Área de identidad
Tipo de entidad
Forma autorizada del nombre
Liebig Extract of Meat Company
Forma(s) paralela(s) de nombre
Forma(s) normalizada del nombre, de acuerdo a otras reglas
Otra(s) forma(s) de nombre
Identificadores para instituciones
Área de descripción
Fechas de existencia
Liebig's Extract of Meat Co. Ltd. was founded in London in 1856 by Baron Justus von Liebig and Georg Christian Giebert with a share capital of £480,000. During the next century, there were several changes of name, and in 1971 the Company was acquired by Brooke Bond's and is now known as Brooke Bond (Liebig) Ltd. Baron Justus von Liebig, a chemist, produced a meat extract that was energetically marketed in jars, tubes, and packets under a variety of names, such as Liebig, Sapis and Oxo. The extract was so popular that many rivals attempted to pass off their products as those of Liebig; several legal cases followed, and after this time the celebrated signature in blue of the founder appeared on packets and cards. The company prospered to the extent that it had branches and subsidiaries in many countries, such as Italy, Germany, France, South Africa and the United States; at one stage they claimed to own supply branches in Africa and South America totaling nearly 10,000 square miles, and containing 500,000 cattle.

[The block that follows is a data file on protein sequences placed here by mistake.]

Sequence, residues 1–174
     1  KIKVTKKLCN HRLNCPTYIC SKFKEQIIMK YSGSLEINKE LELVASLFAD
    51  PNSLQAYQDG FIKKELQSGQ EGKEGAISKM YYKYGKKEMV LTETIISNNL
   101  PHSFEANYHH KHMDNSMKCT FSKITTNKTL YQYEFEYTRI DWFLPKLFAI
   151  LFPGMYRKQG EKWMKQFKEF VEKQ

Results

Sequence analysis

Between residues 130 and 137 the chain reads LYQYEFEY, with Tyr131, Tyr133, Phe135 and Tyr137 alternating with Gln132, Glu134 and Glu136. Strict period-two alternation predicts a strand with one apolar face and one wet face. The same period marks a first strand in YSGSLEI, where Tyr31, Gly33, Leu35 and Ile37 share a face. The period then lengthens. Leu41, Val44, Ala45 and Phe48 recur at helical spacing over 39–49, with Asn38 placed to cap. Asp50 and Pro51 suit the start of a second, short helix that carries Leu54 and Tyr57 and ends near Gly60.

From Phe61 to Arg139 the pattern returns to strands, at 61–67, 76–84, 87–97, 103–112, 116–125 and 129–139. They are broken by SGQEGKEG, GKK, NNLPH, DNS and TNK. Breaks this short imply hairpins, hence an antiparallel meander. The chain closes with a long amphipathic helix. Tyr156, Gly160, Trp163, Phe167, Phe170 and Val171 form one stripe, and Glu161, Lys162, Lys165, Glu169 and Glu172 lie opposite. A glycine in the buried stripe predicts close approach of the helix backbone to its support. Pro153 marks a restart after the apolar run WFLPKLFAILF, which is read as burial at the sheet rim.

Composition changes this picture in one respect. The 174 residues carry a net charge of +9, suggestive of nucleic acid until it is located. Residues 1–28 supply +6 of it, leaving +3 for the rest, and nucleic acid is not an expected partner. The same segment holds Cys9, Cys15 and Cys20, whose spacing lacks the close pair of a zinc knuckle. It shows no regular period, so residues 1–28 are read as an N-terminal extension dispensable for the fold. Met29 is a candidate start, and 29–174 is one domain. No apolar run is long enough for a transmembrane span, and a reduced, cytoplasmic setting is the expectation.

At a very early stage the Company discovered the value of advertising and began to issue series of cards in 1872; these continued, with two short breaks during the World Wars, until 1974. The first series were probably handed out to customers by retailers, and were confined to France; this followed the pattern of most early French 'trade cards', which were produced en masse by printers, and then sold to shops and manufacturers who then had their own names and advertising printed on the backs and fronts - hence many of the early Liebig series of cards which may well have assisted in the continued expansion of the Company. The method of distribution also changed, and customers were able to obtain complete sets of cards in exchange for coupons which appeared in, or on, the packets. Sets were soon prepared for distribution in several countries, and many occur in six or more different languages, including English, Russian and Swedish.
In addition to the regular card issues, the Liebig company was responsible for a wide variety of other card types. Of these the best known are the Menu Cards, Table Cards and Calendars. But they also issued such varied items as playing cards, postcards, cookery books and wallets. Indeed there are so many that they could in themselves form the subject of a large reference work.